Syria, Iran & NRA vs ev­ery­body

Pakistan Observer - - OPINION - Carol Gi­a­como

It was al­ways wish­ful think­ing to ex­pect that all of the United Na tions’ 193 mem­ber states would ap­prove the treaty reg­u­lat­ing global trade in con­ven­tional weapons that was ne­go­ti­ated in New York this week. But the con­clu­sion reached on Thurs­day was stark: On one side, op­pos­ing the new pact, were three of the world’s pariah states – Syria, Iran and North Korea. On the other side, favour­ing the new pact, was … ev­ery­body else.

The con­trast among in­ter­est groups, not vot­ing, but in­flu­enc­ing the process from the wings, was equally stark. Those ad­vo­cat­ing for the treaty in­cluded Ox­fam, the in­ter­na­tional hu­man­i­tar­ian or­ga­ni­za­tion; the Washington-based Arms Con­trol As­so­ci­a­tion, which pro­motes nonpro­lif­er­a­tion; and re­li­gious groups such as the Na­tional As­so­ci­a­tion of Evan­gel­i­cals, the Na­tional Coun­cil of Churches and the Vat­i­can.

The op­po­si­tion in­cluded the con­ser­va­tive Her­itage Foun­da­tion and the Na­tional Gun Ri­fle As­so­ci­a­tion. As usual they ginned up dark vi­sions of how any lim­its on con­ven­tional arms sales would de­priveAmer­i­cans of their weapons, which is to­tally false: The Obama ad­min­is­tra­tion bent over back­wards to make sure the treaty ex­cluded domestic sales and, in any event, as theAmer­i­can BarAs­so­ci­a­tion af­firmed, the treaty did not and could not in­fringe on Amer­i­cans’ con­sti­tu­tion­ally-guar­an­teed Sec­ond Amend­ment Rights.The treaty is es­sen­tial. The world is awash in con­ven­tional weapons with a mar­ket val- ued at up­ward of $70 bil­lion a year. Th­ese arms are fu­elling con­flicts and killing in­no­cents in Syria, Su­dan, the Demo­cratic Repub­lic of Congo and be­yond. But while trade in vir­tu­ally ev­ery ma­jor com­mod­ity, from oil to bananas, is sub­ject to strong in­ter­na­tional agree­ments, con­ven­tional arms, ab­surdly, are not. The treaty would re­quire states to re­view all cross-bor­der arms con­tracts, es­tab­lish na­tional con­trol sys­tems and deny ex­ports to pur­chasers who might use the weapons for ter­ror­ism or vi­o­la­tions of hu­man­i­tar­ian law.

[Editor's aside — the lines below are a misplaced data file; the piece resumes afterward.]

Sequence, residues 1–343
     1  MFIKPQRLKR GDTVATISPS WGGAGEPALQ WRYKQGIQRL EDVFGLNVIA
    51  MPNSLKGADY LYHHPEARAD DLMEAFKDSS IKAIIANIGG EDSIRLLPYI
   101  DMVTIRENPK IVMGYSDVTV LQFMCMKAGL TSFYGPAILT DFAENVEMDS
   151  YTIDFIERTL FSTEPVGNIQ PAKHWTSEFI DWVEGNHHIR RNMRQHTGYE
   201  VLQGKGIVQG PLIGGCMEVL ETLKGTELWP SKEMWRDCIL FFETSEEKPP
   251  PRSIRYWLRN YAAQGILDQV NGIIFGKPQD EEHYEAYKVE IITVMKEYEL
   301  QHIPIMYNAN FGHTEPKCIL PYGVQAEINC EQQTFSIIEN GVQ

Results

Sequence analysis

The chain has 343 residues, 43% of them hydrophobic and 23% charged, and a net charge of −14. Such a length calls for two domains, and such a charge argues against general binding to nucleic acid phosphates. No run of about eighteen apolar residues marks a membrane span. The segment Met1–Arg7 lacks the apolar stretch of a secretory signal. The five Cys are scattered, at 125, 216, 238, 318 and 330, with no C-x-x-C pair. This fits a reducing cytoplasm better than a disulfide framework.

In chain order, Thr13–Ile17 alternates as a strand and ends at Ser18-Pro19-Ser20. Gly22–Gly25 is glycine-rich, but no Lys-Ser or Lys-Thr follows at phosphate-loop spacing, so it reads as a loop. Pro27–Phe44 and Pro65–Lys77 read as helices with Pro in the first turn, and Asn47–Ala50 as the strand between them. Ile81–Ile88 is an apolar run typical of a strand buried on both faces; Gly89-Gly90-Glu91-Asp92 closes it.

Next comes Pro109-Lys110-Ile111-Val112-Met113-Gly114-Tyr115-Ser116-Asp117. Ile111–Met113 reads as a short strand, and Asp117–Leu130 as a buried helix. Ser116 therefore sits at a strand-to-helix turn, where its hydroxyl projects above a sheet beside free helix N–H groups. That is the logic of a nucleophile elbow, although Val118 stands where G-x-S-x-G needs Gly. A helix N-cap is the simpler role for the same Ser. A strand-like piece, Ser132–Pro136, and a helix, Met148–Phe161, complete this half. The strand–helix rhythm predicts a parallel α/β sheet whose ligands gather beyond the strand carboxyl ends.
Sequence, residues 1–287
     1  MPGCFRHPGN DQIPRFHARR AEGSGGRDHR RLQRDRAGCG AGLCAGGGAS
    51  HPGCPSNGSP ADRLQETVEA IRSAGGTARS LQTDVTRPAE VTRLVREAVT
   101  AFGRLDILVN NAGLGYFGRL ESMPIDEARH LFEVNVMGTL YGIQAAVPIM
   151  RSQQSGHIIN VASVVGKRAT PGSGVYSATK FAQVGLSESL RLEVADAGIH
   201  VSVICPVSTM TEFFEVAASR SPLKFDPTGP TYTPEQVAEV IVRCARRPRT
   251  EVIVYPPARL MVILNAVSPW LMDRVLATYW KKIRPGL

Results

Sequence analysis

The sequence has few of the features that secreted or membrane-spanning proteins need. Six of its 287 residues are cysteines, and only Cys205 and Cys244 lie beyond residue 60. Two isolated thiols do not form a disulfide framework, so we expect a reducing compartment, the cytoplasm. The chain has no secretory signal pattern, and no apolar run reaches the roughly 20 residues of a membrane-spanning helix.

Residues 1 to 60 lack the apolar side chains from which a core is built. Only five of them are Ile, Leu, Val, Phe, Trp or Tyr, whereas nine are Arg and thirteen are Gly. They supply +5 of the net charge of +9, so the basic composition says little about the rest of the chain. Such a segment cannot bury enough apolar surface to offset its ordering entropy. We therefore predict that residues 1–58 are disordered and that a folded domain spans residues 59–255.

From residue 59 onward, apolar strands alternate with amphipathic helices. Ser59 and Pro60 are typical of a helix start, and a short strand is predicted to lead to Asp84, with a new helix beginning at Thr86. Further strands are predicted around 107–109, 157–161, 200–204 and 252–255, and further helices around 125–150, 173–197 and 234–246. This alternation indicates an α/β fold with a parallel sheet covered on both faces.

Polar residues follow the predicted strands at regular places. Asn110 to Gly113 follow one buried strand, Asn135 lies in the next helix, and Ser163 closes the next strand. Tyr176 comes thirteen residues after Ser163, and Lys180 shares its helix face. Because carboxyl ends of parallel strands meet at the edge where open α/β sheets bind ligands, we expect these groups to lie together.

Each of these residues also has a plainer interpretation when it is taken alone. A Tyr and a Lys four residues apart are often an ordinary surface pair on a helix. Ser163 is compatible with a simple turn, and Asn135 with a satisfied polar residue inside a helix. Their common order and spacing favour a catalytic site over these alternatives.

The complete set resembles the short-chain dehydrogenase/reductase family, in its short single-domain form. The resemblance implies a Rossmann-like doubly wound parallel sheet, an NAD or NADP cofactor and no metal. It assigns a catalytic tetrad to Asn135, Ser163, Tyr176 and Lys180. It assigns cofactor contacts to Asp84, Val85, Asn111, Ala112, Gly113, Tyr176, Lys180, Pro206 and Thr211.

In­dia, the world’s num­ber one arms buyer, tried to carve a huge loop­hole by propos­ing that the pact ex­empt de­fence co­op­er­a­tion agree­ments. In the end, the lan­guage was mas­saged in a way that arms con­trol and hu­man rights groups said would save face for New Delhi while not over­rid­ing the treaty. The ne­go­ti­at­ing con­fer­ence re­quired con­sen­sus to ap­prove the treaty and then send it on to mem­ber states for sig­na­ture and rat­i­fi­ca­tion. But the op­po­si­tion by Iran, North Korea and Syria, while an un­for­tu­nate stum­bling bloc, doesn’t mean it is dead.

Pro­po­nents can and will take it to the United Na­tions Gen­eral As­sem­bly, pos­si­bly next week, where a less oner­ous but still bind­ing ma­jor­ity vote is all that’s nec­es­sary for ap­proval. Af­ter that, we hope Pres­i­dent Obama, who was very in­stru­men­tal in bring­ing the treaty to this point, will lead the way in quickly sign­ing it and that the Se­nate will move ex­pe­di­tiously to rat­ify it. It’s in­con­ceiv­able that any se­na­tor could jus­tify agree­ing with Iran, North Korea and Syria on this is­sue. — The New York Times

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